Texans on Mission responds to urgent needs in Haiti

  |  Source: Texans on Mission

Recent unraveling of the political situation in Haiti has brought on the need for immediate hunger relief, said Ernie Rice of Stockdale, who has worked as Texans on Mission's ministry partner in Haiti more than 13 years. When Rice sent a fund transfer to a local pastor, the minister used the money to distribute food and supplies to church members on Easter Sunday. (Photo courtesy of Texans on Mission)


Serving people in need sometimes requires a change in plans. Texans on Mission’s long-time ministry partner in Haiti shifted gears in recent days to respond to immediate hunger needs.

“Hunger has not been our focus” in Haiti, said Ernie Rice of Stockdale. “But right now, it is just a desperate situation. … Haiti is full of hungry people.”

 “There is incredible need right now in Haiti,” said Mickey Lenamon, CEO/executive director of Texans on Mission, historically known as Texas Baptist Men. “We have long-standing partners there who are meeting needs in the name of Christ, and we’re coming alongside them to multiply ministry.”

Rice’s work in Haiti began through TBM’s response to a 2010 earthquake that killed as many as 300,000 people. Since then his nonprofit—Good for Haiti—has focused on working with a church in the mountains by supporting general and technical education, along with strengthening the Christian presence in an area once dominated by voodoo practices.

‘Gangs are in total control’ of Haiti’s capital

Recent unraveling of the political situation in Haiti has brought on the need for immediate hunger relief, he said. Gangs have seized control of transportation and communications infrastructure in the Caribbean country.

“The gangs are in total control” in the capital, Port-au-Prince, Rice said.

The Guardian newspaper reported April 1: “A month after a coalition of criminal groups called ‘Viv Ansanm’ (Live Together) plunged Haiti’s capital into chaos with an audacious offensive against the state, the fighting continues—and in recent days has begun shifting to places long considered oases of calm.”

Rice’s work is in one of the oases of calm, at least for now.

“We’re just sending funds now before banks shut down,” he said. “We dumped everything we had” into Haiti in recent days, Rice said of an initial fund transfer sent to the church.

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A pastor in Haiti pastor distributed food and supplies to church members after his congregation’s Easter worship service. (Photo courtesy of Texans on Mission)

As a result, the pastor distributed food and supplies to church members after its Easter worship service.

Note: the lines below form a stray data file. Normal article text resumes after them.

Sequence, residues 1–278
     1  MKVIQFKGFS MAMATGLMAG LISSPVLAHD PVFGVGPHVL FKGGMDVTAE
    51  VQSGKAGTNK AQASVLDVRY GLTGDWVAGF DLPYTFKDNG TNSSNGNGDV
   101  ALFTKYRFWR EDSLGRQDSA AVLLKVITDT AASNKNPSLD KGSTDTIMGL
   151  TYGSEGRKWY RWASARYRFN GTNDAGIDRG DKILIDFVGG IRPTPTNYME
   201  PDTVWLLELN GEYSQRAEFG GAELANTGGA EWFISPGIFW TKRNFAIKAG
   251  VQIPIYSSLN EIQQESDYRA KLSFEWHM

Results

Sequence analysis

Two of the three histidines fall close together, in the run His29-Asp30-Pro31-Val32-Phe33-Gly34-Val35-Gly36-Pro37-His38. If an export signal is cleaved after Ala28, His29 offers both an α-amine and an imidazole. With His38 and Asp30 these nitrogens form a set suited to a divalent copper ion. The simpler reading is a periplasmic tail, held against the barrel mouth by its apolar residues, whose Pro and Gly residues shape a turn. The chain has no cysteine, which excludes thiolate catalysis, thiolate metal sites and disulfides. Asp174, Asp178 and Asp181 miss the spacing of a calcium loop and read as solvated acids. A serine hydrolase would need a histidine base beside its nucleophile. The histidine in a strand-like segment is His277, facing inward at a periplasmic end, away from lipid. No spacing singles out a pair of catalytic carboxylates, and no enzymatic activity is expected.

Texans on Mission has sent more funds to support the immediate need, he said.

The situation is so volatile, the ministry does not send additional funds into Haiti until it confirms the pastor has earlier funds “in hand.”

Referring to photos of the first food distribution, Rice said in an email to Lenamon: “It is hard for me to see the faces of my friends drawn with hunger and stress. Their thinness only magnifies the need in my mind and makes me very grateful” for Texans on Mission’s help.

The violence and chaos in Haiti has been centered in Port-au-Prince and other populated areas.

“My mission is way out in the countryside, up on a mountain,” Rice said. “These are good, hard-working, stoic, hospitable, loving people. There is a remnant there that is pursuing God with all of their might.”

Continued holistic ministry approach

Good for Haiti built the technical school for woodworking and sewing in 2019. Local residents were trained to teach the classes and continue the work.

“When I got there, the voodoo presence was still strong,” Rice said. “But as Christ has been preached, it has really pushed back the voodoo.”

That change has caused an economic boom because the area is “now considered a safe place to build,” he added.

Hunger is the immediate need, but the ministry continues to stress a holistic approach.

About one-third of the population is unemployed. So, the church’s primary and technical schools are key to the community’s more general wellbeing.

“The students and the staff get a meal every day,” and the ministry also pays the teachers, Rice said. “Helping the teachers make a living is another way to feed people and to strengthen the community” because the paid teachers are able to help provide for others.

Through the church, people are being fed immediately and educated to provide for the families and community in the years ahead, he noted.

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